For my review of 2021's The Bitcoin Filed Guide, click here.
If tyranny and oppression come to this land it will be in the guise of fighting a foreign enemy. -- James Madison
For my review of 2021's The Bitcoin Filed Guide, click here.
But not a single Libertarian.
Also no one from the American Independent Party, but that's no surprise. They rarely run candidates.
However, Don J. Grundmann is running as "No Qualified Party Preference." In his candidate statement, he says he belongs to the Constitution Party, which is not ballot qualified in California.
So the Constitution Party, which is so tiny that it does not qualify as a legal political party in California, managed to field a candidate. While the Libertarian Party, with all its greater resources and membership numbers, failed to run any candidates.
Now, it's possible that the LP is running candidates in other parts of California. Or not. But definitely no one at the state level. And no one in Los Angeles, the state's most populous region.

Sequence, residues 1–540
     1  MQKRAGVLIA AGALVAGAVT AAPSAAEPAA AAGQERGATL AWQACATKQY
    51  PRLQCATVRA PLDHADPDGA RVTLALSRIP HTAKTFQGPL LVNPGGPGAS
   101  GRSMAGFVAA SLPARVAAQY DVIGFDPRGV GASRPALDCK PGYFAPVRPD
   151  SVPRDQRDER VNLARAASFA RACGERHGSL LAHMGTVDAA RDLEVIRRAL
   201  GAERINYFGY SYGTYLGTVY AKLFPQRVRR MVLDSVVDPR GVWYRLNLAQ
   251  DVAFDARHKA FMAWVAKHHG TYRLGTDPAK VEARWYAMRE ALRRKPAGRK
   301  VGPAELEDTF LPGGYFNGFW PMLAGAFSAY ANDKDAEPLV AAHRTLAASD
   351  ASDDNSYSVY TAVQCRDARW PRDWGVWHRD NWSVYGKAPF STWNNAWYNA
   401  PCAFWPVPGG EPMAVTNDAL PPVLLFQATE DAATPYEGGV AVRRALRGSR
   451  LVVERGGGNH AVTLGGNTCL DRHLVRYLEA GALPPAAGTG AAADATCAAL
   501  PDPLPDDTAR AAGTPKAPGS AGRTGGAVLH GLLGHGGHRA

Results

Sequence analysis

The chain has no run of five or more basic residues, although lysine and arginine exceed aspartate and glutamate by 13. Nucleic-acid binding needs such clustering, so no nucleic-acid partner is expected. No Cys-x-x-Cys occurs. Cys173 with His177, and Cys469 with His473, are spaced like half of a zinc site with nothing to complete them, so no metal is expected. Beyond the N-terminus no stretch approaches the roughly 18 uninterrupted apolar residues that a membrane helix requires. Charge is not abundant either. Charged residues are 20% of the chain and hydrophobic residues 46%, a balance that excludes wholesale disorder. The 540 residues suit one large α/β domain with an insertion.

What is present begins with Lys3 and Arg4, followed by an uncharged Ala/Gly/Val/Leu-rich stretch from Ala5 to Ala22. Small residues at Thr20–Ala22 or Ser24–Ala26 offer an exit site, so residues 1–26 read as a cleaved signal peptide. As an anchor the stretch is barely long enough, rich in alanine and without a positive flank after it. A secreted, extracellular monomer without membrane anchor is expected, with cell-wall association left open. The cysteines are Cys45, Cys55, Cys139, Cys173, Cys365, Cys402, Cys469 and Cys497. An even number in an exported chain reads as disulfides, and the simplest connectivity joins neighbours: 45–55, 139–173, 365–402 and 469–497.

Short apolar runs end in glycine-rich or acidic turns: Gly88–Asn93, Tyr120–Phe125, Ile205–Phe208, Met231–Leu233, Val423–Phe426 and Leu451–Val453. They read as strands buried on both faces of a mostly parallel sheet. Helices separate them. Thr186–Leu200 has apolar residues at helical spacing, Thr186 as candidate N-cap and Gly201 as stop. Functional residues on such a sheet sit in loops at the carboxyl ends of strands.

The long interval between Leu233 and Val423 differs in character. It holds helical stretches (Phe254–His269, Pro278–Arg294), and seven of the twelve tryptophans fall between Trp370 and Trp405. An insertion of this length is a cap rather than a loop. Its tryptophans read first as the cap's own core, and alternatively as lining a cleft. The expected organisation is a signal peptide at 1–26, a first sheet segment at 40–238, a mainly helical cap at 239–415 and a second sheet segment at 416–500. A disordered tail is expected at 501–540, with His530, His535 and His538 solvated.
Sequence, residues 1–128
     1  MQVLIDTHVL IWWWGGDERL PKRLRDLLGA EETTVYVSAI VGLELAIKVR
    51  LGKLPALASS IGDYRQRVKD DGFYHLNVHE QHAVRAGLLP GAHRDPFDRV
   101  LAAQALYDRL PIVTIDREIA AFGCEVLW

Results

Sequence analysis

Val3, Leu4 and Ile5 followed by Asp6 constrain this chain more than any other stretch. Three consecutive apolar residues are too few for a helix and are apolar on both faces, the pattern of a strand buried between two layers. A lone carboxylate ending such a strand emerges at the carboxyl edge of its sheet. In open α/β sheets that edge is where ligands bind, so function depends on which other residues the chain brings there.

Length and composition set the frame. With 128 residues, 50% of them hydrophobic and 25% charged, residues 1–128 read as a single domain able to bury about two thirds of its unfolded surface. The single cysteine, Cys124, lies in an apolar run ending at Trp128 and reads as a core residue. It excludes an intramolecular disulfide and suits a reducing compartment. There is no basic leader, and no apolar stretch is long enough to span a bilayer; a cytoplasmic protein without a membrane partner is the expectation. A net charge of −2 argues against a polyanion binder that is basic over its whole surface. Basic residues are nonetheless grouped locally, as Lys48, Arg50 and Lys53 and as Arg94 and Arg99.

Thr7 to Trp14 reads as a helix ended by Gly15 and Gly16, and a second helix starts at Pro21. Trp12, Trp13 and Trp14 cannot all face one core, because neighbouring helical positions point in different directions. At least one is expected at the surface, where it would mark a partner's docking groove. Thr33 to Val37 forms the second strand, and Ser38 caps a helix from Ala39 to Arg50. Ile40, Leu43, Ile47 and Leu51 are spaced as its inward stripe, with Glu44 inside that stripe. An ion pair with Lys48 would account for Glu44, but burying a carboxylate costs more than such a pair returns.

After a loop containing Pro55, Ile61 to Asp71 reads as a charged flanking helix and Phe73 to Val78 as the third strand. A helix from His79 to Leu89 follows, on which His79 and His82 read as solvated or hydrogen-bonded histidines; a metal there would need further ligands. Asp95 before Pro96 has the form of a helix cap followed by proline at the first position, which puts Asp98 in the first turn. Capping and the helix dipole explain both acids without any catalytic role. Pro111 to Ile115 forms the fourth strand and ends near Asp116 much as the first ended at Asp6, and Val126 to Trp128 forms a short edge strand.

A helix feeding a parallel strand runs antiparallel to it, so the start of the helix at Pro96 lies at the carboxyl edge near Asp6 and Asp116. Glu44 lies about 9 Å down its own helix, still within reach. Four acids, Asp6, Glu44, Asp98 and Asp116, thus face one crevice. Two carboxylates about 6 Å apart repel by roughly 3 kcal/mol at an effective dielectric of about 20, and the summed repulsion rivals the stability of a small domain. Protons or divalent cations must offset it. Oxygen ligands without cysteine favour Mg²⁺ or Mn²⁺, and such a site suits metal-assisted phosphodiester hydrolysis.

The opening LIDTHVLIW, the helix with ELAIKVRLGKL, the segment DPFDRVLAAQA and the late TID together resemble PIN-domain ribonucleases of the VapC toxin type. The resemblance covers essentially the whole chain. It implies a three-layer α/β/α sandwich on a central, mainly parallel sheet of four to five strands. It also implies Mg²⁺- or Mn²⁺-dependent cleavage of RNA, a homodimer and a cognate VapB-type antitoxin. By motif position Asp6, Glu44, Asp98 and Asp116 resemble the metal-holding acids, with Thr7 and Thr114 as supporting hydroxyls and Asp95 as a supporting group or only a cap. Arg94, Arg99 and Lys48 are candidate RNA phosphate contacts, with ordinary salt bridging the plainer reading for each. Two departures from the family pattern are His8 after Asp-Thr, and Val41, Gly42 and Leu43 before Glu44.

I wonder how this happened? I know Top Two has hurt all third parties. But the Green, Peace and Freedom, and even Constitution parties managed to rise to the challenge, while the LP is MIA.
But consider these facts, taken from the American Nonsmokers' Rights Foundation website:
* Secondhand smoke from combusted marijuana contains fine particulate matter that can be breathed deeply into the lungs, which can cause lung irritation, asthma attacks, and makes respiratory infections more likely. Exposure to fine particulate matter can exacerbate health problems especially for people with respiratory conditions like asthma, bronchitis, or COPD.
* Significant amounts of mercury, cadmium, nickel, lead, hydrogen cyanide, and chromium, as well as 3 times the amount of ammonia, are found in mainstream marijuana smoke than is in tobacco smoke.
* In 2009, the California Office of Environmental Health Hazard Assessment added marijuana smoke to its Proposition 65 list of carcinogens and reproductive toxins, also known as the Safe Drinking Water and Toxic Enforcement Act of 1986. It reported that at least 33 individual constituents present in both marijuana smoke and tobacco smoke are Proposition 65 carcinogens.